One result of the Covid-19 pandemic is that companies specializing in metal additive manufacturing and powder manufacturers have been able to show and develop the potential of their technology and products for healthcare applications.

In April, UK manufacturer Promethean Particles reported its collaboration with textile companies and research facilities to explore the antiviral effects of its copper nanoparticles designed for use in fabrics and personal protective equipment (PPE). Previously, the company developed nano-copper for the printed electronics market, due to the conductive properties of copper; while its other nanomaterial products can be used in a range of markets, including inks and pigments, functional nanoceramics, printed electronics, and energy capture and storage.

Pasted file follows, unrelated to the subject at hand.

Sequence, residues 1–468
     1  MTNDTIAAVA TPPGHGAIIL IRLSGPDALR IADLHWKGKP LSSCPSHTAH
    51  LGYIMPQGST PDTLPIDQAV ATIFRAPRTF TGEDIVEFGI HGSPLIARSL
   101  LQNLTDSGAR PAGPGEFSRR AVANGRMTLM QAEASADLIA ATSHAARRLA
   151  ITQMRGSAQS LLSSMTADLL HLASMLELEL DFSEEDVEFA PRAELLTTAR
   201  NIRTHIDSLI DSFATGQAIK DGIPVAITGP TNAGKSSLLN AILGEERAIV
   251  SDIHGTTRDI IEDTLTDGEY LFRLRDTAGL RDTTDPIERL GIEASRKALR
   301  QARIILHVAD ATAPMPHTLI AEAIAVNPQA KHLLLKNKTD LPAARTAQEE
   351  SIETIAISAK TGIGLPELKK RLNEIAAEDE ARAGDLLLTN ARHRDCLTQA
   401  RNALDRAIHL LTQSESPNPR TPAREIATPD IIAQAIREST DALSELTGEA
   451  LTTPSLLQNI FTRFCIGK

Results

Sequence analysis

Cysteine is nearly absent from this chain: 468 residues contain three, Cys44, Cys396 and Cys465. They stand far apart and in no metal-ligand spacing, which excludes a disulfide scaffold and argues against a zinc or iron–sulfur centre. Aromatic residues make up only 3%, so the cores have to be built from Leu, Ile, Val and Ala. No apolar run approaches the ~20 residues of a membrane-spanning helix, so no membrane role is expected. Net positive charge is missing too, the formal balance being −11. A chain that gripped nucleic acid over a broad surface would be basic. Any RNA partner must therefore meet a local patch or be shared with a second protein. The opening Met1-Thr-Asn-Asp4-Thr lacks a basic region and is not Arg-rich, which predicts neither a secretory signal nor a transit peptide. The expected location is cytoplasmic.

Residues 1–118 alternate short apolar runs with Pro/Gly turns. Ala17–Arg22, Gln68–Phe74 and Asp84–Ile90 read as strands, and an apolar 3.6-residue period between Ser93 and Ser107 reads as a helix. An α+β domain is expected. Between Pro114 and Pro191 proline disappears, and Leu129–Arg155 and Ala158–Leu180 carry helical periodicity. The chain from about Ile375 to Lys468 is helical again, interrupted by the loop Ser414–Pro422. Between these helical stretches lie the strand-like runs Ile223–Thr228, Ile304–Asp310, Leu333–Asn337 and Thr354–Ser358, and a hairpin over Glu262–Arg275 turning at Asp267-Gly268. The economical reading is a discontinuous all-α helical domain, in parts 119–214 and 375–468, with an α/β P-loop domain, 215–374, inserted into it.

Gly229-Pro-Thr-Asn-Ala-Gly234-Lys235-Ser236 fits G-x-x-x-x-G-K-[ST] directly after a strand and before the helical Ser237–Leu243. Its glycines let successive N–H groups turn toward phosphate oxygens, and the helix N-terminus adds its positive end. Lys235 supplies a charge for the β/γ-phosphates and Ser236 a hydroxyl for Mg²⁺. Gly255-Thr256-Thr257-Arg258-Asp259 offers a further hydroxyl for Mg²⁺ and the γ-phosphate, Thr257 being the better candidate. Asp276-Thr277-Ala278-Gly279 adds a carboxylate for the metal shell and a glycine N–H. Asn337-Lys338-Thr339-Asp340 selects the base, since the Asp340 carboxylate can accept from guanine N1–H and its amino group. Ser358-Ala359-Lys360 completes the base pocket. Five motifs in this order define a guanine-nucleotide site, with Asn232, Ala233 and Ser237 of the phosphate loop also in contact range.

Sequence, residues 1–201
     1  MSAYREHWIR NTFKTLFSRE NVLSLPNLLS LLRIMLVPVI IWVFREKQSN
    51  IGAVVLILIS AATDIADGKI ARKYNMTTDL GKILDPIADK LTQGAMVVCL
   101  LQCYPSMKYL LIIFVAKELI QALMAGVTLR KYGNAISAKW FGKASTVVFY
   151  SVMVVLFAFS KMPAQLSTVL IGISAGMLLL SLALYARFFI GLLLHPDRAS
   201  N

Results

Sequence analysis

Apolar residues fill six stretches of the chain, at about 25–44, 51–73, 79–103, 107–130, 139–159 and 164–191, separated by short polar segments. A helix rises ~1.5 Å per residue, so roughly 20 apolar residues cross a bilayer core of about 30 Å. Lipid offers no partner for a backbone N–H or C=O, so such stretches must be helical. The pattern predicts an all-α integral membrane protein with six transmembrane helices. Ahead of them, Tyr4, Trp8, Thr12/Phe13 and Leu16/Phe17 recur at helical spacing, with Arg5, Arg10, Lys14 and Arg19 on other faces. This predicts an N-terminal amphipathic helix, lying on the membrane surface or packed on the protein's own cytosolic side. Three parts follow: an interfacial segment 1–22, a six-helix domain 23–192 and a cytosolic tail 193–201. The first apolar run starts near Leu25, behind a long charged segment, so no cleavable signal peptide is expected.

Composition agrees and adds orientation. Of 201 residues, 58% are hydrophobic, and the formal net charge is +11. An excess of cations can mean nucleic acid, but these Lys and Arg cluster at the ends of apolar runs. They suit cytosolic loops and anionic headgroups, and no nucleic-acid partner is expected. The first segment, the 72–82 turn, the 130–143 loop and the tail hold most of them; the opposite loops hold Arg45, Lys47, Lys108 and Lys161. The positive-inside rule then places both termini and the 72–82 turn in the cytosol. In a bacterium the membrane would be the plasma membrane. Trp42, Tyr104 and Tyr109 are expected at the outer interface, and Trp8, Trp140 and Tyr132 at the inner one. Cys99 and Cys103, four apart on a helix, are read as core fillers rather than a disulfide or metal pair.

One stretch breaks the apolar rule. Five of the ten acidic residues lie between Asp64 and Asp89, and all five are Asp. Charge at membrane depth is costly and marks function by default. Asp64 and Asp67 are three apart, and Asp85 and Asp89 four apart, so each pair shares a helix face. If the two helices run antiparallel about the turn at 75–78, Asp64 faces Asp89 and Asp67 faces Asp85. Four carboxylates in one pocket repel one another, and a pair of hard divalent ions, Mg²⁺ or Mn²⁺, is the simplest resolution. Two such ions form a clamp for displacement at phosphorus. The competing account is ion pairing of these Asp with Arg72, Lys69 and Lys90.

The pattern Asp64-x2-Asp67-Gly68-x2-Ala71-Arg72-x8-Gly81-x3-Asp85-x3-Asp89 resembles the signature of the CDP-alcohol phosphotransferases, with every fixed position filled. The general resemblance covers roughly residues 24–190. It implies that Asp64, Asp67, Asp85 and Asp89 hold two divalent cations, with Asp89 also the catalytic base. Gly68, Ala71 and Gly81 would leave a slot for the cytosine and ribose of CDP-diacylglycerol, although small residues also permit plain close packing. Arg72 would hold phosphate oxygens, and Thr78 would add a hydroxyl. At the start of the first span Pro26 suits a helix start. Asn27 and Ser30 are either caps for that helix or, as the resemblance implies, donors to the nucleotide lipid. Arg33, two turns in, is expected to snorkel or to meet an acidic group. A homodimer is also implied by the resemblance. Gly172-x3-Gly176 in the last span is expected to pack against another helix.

Promethean’s work on copper nanoparticles for textiles and PPE was part of the ACTIn project, funded by innovation investor Newton Fund, which was a collaboration between Mexican and UK companies and research institutes to develop durable antimicrobial textiles for the healthcare sector by embedding nano-copper into polymer fibers, such as nylon, via a melt extrusion process.

According to Promethean Particles, the antimicrobial effect lasted longer than other similar antimicrobial fabrics which weresurface-coated, and therefore lost functionality with each wash. As well as this, when using nano-copper, as opposed to larger copper particles, a smaller mass of active material is reportedly required to achieve the same antimicrobial effect due to the increased ratio of surface-area-to-volume in smaller particles.

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